I am an aspiring photographer and I was wondering if it is possible to get bokeh images with a 55 mm lens since right now that is all I have.

  • \$\begingroup\$ Also see What is bokeh, exactly? \$\endgroup\$
    – mattdm
    May 23, 2014 at 0:23
  • \$\begingroup\$ The aperture of your lens is more important than the focal length. What specific lens are you using? \$\endgroup\$
    – Michael C
    May 23, 2014 at 4:17
  • \$\begingroup\$ and the optical characteristics of the assembly. \$\endgroup\$
    – jwenting
    May 23, 2014 at 6:44

1 Answer 1


Bokeh is the quality of the shape of a point of light which has become enlarged against a darker background due to its being out of focus. Perfect bokeh is usually considered to be when these points are rendered as perfectly round discs with a uniform brightness across the whole disc.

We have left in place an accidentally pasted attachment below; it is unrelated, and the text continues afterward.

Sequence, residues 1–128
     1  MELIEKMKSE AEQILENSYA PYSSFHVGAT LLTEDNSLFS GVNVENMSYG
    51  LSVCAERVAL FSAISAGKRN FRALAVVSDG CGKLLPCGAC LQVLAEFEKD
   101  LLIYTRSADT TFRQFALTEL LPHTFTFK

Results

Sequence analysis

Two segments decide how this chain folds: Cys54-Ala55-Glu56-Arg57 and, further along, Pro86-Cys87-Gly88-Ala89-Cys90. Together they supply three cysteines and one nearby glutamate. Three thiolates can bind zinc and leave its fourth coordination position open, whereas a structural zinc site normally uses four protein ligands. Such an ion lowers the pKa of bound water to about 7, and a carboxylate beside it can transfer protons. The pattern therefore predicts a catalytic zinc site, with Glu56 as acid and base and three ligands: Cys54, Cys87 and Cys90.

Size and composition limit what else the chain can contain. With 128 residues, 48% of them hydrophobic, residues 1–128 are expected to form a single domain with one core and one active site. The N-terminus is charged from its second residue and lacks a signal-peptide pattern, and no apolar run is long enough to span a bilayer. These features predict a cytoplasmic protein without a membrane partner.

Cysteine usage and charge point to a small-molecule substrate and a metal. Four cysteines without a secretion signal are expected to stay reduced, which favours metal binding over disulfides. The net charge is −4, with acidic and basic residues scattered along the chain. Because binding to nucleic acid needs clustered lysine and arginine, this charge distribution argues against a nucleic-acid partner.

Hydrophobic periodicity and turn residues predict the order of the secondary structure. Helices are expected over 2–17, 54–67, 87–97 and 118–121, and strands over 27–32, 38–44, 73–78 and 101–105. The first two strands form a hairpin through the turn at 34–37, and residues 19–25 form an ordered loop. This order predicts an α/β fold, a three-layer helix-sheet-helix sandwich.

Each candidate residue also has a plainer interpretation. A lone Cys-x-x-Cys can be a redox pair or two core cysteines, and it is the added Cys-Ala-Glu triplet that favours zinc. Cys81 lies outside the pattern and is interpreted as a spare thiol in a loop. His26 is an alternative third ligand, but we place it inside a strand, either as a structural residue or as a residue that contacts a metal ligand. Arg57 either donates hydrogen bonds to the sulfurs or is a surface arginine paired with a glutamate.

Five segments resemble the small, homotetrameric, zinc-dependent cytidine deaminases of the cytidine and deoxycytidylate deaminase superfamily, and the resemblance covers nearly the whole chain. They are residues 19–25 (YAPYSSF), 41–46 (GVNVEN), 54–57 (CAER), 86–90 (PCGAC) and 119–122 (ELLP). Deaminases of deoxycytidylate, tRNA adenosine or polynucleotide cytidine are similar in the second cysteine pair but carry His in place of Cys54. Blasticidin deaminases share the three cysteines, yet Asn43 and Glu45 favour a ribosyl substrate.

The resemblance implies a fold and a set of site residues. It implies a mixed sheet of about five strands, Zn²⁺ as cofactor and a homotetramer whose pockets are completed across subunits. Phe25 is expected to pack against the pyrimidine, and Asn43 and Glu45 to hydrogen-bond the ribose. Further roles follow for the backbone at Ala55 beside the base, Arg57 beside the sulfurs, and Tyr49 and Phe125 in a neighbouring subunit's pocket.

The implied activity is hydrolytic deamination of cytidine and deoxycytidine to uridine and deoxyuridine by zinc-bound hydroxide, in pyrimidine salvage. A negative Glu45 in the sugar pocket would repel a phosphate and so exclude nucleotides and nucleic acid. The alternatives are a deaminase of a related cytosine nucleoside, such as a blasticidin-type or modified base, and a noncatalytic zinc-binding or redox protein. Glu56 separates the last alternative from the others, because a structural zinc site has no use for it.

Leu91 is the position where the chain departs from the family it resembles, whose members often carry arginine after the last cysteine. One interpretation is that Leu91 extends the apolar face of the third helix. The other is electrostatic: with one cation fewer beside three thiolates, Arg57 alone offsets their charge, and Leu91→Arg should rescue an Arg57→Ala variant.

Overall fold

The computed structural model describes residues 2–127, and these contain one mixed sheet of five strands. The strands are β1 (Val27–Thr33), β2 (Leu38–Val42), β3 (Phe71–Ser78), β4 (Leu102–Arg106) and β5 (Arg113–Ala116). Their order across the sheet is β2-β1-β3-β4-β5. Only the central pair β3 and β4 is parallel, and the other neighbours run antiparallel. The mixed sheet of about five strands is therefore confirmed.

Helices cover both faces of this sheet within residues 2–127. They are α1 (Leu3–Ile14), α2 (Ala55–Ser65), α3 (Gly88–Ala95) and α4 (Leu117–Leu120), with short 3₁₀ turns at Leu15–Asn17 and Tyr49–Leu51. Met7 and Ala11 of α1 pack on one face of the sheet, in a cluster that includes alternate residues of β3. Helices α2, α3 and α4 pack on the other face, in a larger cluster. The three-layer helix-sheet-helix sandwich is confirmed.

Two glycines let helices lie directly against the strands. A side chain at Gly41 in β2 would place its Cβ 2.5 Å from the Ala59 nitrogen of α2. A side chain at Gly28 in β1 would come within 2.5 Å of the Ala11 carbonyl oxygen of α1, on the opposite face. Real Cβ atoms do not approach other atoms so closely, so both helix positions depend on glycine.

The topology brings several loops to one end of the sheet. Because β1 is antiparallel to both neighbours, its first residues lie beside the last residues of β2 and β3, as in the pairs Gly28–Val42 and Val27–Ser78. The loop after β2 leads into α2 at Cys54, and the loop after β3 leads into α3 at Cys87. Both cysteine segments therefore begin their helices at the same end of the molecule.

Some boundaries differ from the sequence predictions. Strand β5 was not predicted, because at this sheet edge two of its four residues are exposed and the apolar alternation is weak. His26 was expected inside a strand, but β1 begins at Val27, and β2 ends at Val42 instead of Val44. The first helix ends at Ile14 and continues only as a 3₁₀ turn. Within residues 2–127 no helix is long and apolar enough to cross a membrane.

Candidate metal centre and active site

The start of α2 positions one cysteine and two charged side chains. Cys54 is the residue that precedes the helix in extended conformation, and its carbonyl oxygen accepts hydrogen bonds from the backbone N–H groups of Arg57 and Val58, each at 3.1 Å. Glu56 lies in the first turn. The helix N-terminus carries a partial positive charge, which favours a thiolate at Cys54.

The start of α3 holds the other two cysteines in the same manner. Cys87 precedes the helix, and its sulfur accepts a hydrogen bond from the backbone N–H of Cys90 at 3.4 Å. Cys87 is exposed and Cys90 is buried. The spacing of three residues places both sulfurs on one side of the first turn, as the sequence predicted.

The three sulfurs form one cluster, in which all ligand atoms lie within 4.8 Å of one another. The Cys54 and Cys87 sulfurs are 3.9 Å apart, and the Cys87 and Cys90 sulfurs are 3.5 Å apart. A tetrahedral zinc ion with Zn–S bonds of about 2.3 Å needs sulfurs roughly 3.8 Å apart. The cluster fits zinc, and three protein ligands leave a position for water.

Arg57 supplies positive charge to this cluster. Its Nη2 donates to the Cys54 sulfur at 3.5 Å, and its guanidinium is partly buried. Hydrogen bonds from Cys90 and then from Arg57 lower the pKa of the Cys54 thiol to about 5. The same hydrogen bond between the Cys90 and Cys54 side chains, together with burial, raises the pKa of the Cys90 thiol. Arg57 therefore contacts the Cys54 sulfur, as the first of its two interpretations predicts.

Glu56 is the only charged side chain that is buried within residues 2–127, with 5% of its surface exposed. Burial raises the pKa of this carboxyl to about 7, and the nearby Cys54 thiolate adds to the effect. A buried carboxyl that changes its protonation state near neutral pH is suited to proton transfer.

Usually the quality of bokeh produced by a lens depends on the number of aperture blades and the refinement of the lenses. For example, a lens which uses only five aperture blades tends to produce pentagonal shapes rather than discs (which is usually considered poor bokeh).

The size of such an unfocused point of light depends on the depth of field, and this depends on the aperture of the lens. A lens operating at a large aperture (such as f/1.4) will produce unfocused points of light to be rendered much larger than a lens using a small aperture (such as f/8.0).

So the bokeh which can be produced by your lens depends on the maximum aperture, and the number of aperture blades, and on the quality of the glass used in the lens. You don't say which specific lens you have, so you might need to provide more information. But if you hunt online for reviews of your exact model of lens you will probably find detailed examinations of the bokeh it produces.


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